Criminal Law Questions? Ask a Criminal Lawyer.
Thank you for using JustAnswer.com
In order for me to better assist you I am requesting the following information:
Is this the first time you have ever been arrested?
Have you ever had a conviction for anything else?
How old are you? (your age might affect an outcome)
Thank you for the information. Since this is your first offense, it may be possible for you to ask the court for a diversion or deferral of sentence.
This means, that if you decide to "plea" guilty, or speak to the prosecutor and are able to reach a plea bargain that recommends diversion, the court may hold your plea in abeyance until the end of a successful probationary period. At the end of that period, the case may be dismissed. Part of the diversion may include court costs, probation (supervised or unsupervised), community service, AA, etc. This list is not exhaustive.
A plea under diversion is totally within the discretion of the judge and his statutory authority.
When you go to court for the first time (an arraignment), the judge will read you the charge and give you the possible penalties. S/he will then read you rights, including that you have a right to a trial before a judge or a jury and you have a right to be represented by a lawyer. If you cannot afford one, a public defender will be appointed for you. You also have a right to be presumed innocent until proven guilty beyond a reasonable doubt. The court may then ask how you plea, "Guilty" or "Not Guilty". If you are seeking the assistance of a public defender, or want to hire an attorney, plea "NOT GUILTY" until you have the opportunity to discuss the specific facts of your case with him/her.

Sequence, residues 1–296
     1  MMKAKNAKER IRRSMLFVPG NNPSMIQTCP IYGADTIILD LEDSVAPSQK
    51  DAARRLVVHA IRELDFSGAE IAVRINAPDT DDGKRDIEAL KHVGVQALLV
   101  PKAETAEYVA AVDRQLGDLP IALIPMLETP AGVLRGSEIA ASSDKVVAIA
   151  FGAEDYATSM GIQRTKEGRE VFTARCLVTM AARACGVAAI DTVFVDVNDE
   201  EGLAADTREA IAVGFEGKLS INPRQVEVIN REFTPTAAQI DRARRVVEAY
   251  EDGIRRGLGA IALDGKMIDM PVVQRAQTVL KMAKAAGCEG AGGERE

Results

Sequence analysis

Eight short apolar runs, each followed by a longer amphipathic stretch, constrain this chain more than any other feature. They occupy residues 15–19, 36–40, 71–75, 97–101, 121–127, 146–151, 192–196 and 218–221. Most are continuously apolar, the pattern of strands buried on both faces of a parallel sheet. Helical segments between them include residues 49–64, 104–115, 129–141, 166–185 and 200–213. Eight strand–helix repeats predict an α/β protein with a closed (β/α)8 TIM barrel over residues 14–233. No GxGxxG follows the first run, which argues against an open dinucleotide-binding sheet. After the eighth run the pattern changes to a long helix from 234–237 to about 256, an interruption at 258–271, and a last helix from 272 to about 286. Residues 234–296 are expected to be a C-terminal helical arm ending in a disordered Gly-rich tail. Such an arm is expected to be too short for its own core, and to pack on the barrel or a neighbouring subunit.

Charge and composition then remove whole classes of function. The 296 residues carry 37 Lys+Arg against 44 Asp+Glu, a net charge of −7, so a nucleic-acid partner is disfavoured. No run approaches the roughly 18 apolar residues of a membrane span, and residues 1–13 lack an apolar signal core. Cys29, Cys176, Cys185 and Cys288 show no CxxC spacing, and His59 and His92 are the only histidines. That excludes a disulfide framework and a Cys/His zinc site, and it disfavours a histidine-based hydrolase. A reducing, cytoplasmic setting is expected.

If you wish to speak to an attorney prior to going to court, if you do not know a lawyer, you can contact your local bar association and ask for a referral to a criminal attorney. It will probably give you 2 or 3 names, and you may contact the attorney(s) by phone for a consultation or ask for an appointment. Sometimes those referrals are free.
You can always represent yourself in court, and you can ask to speak to the prosecutor about a possible diversion. BUT....it may be worth the cost of an attorney (or a public defender if you qualify) to assist you with obtaining the best result. You don't want to risk the possiblity of a record and having it affect your job and or future job opportunities.
If however, you/your attorney are not able to reach an agreement with the prosecutor, remember you always have a right to a trial. And....remember, if you do not believe that you committed the crime, DO NOT plea guilty "just to get it over with." That would not be in your best interest. If you believe that you are innocent, continue the plea of not guilty until a trial.
If there really isn't a doubt about your guilt, then asking for a diversion/deferral is the best way to mitigate any damage and keep your record clean.